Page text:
My son Ben was 20 years old and studying film when he died of a preventable drug overdose. Ben, who was first exposed to opioids through prescription pain pills following a skateboarding accident when he was a teenager, had struggled with an opioid use disorder for two years and had spent less than two months at an in-patient treatment facility when he walked out of the facility against clinical advice. The next day, he overdosed and was put on life support before dying a week later.
At first, I was filled with anger over Ben’s death. He was with three friends when he overdosed, and none of them called for help. Ben didn’t have to die.
Today, I still believe that Ben didn’t have to die, but I also recognize that it wasn’t heroin that ultimately caused my son’s death, it was fear of incarceration — the very threat that a new bill by Orange County state Sen. Tom Umberg promises to levy against more people.
Initially, our son’s death was investigated as a homicide, due to the circumstances surrounding his overdose. However, on completion of the post-mortem, I was informed by law enforcement that Ben’s death was an accident. I was told that my son had made a choice that night; he was not forced to take heroin against his will. Ben purchased an illicit substance, allowed a third party to inject him with it, and consequently suffered a fatal overdose. It was a tragic accident, but it was not murder.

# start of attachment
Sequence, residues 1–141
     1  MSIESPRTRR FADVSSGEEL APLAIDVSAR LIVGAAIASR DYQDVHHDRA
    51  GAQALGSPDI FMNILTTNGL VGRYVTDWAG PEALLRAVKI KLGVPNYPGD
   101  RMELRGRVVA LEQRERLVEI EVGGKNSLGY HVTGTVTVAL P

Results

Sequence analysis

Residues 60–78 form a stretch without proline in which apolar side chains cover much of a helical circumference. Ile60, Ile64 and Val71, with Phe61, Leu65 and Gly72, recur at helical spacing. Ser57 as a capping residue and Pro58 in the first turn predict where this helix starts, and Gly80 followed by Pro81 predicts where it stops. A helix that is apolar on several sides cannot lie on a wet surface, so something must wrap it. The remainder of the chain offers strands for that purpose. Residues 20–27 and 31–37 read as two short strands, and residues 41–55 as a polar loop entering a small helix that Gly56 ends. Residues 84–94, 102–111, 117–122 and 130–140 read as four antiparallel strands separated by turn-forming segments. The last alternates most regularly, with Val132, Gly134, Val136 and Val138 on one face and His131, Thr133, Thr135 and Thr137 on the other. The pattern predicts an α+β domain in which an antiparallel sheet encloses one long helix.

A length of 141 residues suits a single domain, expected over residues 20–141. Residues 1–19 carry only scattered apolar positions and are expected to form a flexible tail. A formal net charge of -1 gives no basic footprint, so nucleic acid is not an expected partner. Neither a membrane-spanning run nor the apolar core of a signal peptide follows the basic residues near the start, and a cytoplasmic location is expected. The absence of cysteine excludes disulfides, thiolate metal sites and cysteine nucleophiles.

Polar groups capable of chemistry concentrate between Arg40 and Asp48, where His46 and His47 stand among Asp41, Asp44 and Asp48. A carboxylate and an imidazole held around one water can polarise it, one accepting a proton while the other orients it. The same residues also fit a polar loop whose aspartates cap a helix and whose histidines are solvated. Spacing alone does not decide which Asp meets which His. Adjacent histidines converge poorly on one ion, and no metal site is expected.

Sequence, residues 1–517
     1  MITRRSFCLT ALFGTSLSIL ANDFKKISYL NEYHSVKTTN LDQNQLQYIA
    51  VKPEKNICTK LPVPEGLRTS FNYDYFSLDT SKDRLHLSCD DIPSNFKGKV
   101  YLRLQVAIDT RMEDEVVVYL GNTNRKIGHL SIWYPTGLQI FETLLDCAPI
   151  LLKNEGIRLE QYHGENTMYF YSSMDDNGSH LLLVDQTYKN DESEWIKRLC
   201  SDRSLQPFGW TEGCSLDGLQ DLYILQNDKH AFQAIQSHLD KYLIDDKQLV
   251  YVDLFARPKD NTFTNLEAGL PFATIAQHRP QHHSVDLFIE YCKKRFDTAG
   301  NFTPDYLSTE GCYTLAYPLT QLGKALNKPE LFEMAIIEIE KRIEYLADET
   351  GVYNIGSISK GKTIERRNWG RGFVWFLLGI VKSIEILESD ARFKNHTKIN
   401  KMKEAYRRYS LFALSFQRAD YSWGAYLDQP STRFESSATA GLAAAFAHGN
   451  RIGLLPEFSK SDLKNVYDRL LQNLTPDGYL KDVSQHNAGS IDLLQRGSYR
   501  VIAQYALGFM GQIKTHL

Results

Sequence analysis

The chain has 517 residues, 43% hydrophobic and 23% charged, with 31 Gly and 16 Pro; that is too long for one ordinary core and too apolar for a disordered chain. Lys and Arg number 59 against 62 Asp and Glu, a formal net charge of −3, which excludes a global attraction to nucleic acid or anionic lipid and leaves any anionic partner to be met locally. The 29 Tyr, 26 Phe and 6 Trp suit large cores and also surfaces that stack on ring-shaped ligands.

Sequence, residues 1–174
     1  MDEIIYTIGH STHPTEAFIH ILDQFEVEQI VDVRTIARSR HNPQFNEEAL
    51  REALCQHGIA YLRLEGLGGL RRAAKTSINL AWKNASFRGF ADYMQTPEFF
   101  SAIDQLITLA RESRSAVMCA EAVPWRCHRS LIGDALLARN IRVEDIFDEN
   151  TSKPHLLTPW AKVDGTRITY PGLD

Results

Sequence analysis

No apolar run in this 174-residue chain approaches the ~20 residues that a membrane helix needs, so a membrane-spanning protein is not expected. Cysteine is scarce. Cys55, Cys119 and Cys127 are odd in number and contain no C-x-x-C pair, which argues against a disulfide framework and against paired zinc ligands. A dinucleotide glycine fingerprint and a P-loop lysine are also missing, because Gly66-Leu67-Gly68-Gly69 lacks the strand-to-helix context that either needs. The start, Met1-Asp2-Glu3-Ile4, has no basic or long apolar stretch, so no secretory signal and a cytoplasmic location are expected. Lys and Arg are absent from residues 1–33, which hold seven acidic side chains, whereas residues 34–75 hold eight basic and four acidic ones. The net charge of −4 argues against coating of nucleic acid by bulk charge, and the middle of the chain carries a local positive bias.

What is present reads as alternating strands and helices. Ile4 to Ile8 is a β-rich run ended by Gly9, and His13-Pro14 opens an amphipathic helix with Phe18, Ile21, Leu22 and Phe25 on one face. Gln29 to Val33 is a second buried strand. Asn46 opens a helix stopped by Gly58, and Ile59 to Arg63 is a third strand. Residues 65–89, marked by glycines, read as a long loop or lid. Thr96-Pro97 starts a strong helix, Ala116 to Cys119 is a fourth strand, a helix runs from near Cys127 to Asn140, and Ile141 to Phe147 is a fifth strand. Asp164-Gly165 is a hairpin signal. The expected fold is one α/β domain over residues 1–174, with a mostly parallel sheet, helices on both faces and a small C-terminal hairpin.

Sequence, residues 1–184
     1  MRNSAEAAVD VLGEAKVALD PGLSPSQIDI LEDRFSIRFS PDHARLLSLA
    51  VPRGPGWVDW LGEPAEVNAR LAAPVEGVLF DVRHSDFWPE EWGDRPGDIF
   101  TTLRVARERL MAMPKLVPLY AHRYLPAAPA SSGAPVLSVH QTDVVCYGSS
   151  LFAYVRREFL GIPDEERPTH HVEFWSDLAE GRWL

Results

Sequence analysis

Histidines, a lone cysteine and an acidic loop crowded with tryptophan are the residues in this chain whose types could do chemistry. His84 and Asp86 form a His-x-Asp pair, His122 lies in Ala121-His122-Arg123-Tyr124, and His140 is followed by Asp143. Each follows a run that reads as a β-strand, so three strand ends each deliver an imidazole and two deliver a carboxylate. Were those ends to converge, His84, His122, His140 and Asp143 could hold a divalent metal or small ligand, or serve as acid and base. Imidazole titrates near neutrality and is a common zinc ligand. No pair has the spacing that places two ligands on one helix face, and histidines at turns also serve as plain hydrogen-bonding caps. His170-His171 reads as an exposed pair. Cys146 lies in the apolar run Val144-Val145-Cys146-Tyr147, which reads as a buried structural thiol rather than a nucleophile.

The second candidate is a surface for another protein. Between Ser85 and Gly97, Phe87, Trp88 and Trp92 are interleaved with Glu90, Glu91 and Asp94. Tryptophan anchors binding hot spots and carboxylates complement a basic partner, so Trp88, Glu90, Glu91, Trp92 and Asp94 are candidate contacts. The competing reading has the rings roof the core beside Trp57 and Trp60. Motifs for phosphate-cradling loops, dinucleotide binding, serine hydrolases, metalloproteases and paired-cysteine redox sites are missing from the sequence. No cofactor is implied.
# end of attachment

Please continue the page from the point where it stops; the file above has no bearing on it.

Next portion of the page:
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It is true that his friends made a series of poor choices that night, but it was never their intent to kill our son. When he overdosed, Ben was three minutes from a fire station and just a mile from our home in Rancho Santa Margarita. Instead of calling 911, his friends removed our son’s body from the car along with any evidence that could place Ben there.
“How could they do this,” I asked? Now I know that they did it out of fear.
One of the people Ben was with was in a drug diversion program and was afraid of calling 911 and being sent back to jail. If it is passed, Sen. Umberg’s Senate Bill 44 would undoubtedly put more people in this situation and lead to more unnecessary overdose deaths.
According to Sen. Umberg’s office, SB 44 offers an approach “that first warns and then punishes” people for murder who sell fentanyl if it results in someone’s death. But the bill ignores all the science related to substance use. People who are suffering from substance use disorders buy drugs together, sell to one another, and if someone dies, it is not intentional. It is not murder.
To threaten more people with murder convictions will convince people who use drugs and who witness an overdose that they are not safe to call 911, just as happened with my son.
I urge California lawmakers to reject this proposal.
Increasing access to the opioid antidote naloxone is the most practical and proven solution to reduce opioid-related deaths. Doing so will ensure that we can keep people alive until they’re ready to get help and get well.
Had the three people who were with Ben at the time of his overdose not been afraid of calling 911 or had they carried naloxone, Ben might still be here today.
Aimee Dunkle is the executive director of the Solace Foundation of Orange County, a nonprofit that has distributed 46,000 doses of naloxone and recorded over 2,500 overdose reversals in Orange County. Aimee also serves on the board of Broken No More, an organization formed by families and friends who have lost a loved one to overdose.